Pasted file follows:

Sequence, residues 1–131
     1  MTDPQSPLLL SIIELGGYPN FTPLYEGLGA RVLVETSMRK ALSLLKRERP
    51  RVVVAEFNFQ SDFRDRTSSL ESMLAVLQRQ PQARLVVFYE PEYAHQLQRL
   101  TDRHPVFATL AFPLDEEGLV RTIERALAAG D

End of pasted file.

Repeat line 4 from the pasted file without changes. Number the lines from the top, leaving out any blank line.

   101  TDRHPVFATL AFPLDEEGLV RTIERALAAG D